Also, while 18 out of 28 public sector organisations which provided a response to the institutional survey report their involvement on public sector innovation projects, only 2 report carrying out these projects in collaboration with an “innovation lab set up by the central/federal government” (LABgobar). Twelve of those organisations reported carrying out innovation activities in the context of “the innovation lab/department/centre of [their] own institution”10 (OECD, 2018b).

It is not clear, however, if the above-mentioned organisations make a clear distinction and understand the difference between digital public sector innovation and more traditional modernisation efforts (e.g. e-procurement, the digitisation of formalities, paperless government) as results from the survey suggest.

Figure 4.5. Level of priority given to the promotion and development of innovative approaches and skills
Figure 4.5. Level of priority given to the promotion and development of innovative approaches and skills

Source: OECD (2018b), “Digital Government Review of Argentina: Survey for Public Sector Organisations”.

References (n.d.), “LABgobar: Laboratorio de Gobierno”, (accessed on 18 February 2019).

Ministry of Modernisation (2018), “Plan Integral de RRHH de la Secretaría de Empleo Público – Ministerio de Modernización”, presentation during the OECD Peer Review Mission in Buenos Aires, Argentina, 5-9 March 2018.

New Zealand Digital Skills Forum (2018), “Digital skills for a digital nation”, New Zealand Digital Skills Forum, (accessed on 14 February 2019).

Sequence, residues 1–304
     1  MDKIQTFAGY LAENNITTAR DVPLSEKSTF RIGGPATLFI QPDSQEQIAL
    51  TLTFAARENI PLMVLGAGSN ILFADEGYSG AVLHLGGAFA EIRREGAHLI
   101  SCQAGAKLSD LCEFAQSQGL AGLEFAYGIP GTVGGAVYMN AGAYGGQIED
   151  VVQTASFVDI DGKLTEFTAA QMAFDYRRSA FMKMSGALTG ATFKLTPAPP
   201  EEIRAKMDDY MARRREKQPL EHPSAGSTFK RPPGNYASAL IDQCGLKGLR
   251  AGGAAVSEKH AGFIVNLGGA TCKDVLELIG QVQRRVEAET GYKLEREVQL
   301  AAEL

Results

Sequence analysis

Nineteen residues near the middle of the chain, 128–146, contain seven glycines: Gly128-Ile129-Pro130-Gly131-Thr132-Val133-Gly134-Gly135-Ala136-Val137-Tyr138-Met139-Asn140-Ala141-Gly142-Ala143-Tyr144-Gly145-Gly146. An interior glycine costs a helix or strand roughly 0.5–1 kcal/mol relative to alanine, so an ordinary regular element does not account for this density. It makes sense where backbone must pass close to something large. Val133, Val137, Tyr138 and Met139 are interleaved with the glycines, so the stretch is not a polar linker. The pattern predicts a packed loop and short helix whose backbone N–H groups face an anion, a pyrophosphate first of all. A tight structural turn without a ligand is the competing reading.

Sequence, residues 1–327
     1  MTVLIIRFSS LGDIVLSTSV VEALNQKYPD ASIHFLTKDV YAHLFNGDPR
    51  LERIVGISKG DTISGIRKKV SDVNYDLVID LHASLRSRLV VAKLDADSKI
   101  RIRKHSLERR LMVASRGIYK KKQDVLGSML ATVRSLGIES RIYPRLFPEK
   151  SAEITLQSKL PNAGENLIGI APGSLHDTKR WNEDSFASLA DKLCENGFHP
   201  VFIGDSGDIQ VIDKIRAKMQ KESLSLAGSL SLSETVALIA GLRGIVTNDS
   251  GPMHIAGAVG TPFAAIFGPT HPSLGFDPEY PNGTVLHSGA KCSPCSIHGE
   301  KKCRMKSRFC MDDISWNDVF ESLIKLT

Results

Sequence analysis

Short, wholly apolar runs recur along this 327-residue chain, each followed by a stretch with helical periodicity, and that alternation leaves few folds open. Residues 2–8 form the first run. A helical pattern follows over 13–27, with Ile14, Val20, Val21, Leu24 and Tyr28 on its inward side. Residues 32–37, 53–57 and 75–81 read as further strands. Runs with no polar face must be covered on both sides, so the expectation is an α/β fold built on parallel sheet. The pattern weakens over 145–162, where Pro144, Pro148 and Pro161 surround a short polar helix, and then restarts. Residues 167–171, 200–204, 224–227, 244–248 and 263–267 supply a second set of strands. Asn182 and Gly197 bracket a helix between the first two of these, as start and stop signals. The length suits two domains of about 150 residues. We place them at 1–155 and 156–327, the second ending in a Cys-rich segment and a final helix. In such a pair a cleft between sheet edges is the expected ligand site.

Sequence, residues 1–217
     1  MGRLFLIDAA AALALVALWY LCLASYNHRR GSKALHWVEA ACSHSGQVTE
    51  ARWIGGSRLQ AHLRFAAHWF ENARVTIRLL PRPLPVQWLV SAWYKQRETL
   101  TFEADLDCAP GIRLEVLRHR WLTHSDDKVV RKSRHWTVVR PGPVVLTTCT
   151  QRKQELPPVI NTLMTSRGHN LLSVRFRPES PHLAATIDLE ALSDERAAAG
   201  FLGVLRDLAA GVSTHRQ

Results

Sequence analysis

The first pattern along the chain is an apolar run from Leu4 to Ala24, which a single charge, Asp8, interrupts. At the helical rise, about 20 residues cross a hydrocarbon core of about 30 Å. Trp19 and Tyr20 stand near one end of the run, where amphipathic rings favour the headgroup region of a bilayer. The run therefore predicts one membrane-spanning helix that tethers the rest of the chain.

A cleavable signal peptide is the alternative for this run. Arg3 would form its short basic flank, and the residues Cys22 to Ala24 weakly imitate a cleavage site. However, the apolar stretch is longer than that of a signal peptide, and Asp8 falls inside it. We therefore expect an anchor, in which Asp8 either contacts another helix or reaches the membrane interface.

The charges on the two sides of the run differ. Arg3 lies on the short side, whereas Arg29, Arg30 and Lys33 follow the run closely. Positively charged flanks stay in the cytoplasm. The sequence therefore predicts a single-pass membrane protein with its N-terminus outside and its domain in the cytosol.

OECD (2018a), “Case study: Free agents and GC Talent Cloud – Canada”, OECD, Paris,

OECD (2018b), “Digital Government Review of Argentina: Survey for Public Sector Organisations”, OECD, Paris.

OECD (2018c), “Digital Government Review of Argentina: Survey for the Policy Co-ordination Body”, OECD, Paris.

OECD (2018d), “Digital Government Survey 1.0”, OECD, Paris.

OECD (2018e), OECD Recommendation on Public Service Leadership and Capability, OECD, Paris,

OECD (2014), Recommendation of the Council on Digital Government Strategies, OECD, Paris,

SEP (2018), “Plan Integral de RRHH de la Secretaría de Empleo Público (SEP)”, presentation to the OECD peer review team in Buenos Aires, March.

UK GDS (2017), “Government Transformation Strategy: People, skills and culture”, policy paper, Government Digital Service, London, (accessed on 14 February 2019).


← 1. Question 30: How would you classify the level of priority given to the improvement of digital skills and competencies of civil servants in your country’s digital government agenda?

← 2. Question 31: Does your institution have specific policies in place to develop digital skills among public servants?

← 3. For more information see:

← 4. Questions 43: What is the most common scenario for ICT and digital government-related employment in your country’s public sector? Private sector employees move to the public sector/ private sector employees move to the public sector/inter-institutional movement from one public sector institution to another (intra-governmental); and Question 43a: In your view, for option 1 (public officials/government employees move to the private sector), what are the main reasons for this happening? There are more/better job opportunities in the private sector/private sector salaries are more competitive.

← 5. Questions 41, 41a and 42. Question 41/41a: How would you classify the level of priority given to the following actions as part of the digital agenda?. Question 42: Does your government have specific policies/strategies in place to pursue any of the following objectives?

← 6. For more information see:

← 7. For more information see:

← 8. See, for instance:

← 9. Question 32: Is there a public body (e.g. ministry, agency) in charge of promoting innovation inside the public sector?

← 10. Question 33: Is your institution involved in any projects for public sector innovation? and Question 33a: If yes, in what context(s) do the innovation projects take place?